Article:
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Category: CVD Prevention

Risks of Poor Medication Adherence

A recent study published in the journal Diabetes Care indicates that poor medication adherence in adults diagnosed with type 2 diabetes is strongly associated with increased risks for “cardiovascular disease, all-cause mortality, and hospitalizations.” Conversely, when patients have good medication adherence, these risks are reduced.

The Leicester Diabetes Center at Leicester General Hospital, in conjunction with the Diabetes Research Centre at the University of Leicester in Southmead, United Kingdom, conducted a meta-analysis surrounding eight observational studies in order to determine the correlation between medication adherence and risk for cardiovascular disease (CVD)—in addition to hospitalization and mortality rates—among adults with type 2 diabetes.

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Stopping Cholesterol-Lowering Drugs Could be Deadly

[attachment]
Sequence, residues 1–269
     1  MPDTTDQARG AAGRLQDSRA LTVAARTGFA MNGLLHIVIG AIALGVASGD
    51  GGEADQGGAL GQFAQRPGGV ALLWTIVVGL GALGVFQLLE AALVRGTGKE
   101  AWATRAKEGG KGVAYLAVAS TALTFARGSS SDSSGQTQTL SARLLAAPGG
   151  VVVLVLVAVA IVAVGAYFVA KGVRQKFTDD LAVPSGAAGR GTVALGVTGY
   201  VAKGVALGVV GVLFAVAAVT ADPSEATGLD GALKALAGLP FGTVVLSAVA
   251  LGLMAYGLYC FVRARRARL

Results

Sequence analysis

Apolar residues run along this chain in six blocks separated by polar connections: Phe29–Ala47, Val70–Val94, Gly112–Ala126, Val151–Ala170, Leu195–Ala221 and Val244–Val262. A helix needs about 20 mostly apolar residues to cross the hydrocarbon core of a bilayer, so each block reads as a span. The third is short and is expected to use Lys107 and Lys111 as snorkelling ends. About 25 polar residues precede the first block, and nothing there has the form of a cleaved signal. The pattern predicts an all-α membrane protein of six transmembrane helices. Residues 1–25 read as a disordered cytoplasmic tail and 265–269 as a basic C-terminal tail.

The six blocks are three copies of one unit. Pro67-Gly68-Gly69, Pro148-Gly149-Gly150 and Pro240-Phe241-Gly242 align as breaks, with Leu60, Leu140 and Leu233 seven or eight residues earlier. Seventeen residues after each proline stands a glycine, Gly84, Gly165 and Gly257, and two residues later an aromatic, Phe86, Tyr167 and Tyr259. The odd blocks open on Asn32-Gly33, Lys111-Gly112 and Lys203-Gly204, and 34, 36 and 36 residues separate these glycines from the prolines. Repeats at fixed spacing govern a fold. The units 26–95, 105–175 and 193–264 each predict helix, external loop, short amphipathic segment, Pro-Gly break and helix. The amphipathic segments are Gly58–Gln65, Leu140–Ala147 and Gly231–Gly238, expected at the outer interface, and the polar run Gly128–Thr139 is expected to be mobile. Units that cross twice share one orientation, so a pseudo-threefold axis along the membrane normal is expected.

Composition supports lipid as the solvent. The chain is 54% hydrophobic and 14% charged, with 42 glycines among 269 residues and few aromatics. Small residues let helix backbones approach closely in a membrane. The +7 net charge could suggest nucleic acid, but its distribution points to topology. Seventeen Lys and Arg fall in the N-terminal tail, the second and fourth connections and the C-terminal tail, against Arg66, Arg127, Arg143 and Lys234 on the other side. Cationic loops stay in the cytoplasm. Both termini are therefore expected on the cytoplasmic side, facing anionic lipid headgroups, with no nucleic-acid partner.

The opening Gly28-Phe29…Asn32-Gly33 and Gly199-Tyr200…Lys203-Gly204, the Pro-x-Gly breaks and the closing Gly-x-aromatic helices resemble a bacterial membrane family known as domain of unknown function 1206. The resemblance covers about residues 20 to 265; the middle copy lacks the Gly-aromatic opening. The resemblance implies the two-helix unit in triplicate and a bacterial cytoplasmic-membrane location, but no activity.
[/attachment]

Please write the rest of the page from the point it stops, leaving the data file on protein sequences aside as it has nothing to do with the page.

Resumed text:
A new study confirms that stopping a cholesterol-lowering drug can be critically dangerous. Researchers found that people who stopped taking statins, after reporting a side effect, were 13% more likely to die, or have a hear attack or stroke over the next four years.

Statins work by inhibiting the liver’s ability to produce cholesterol, while simultaneously helping the organ remove existing fats in the blood. These drugs are ‘almost universally prescribed’ to people with cardiovascular disease; moreover, the U.S. Preventive Services Task Force recommends the drugs to people ages 40-75, who have no history of heart disease, if they have one or more risk factors.

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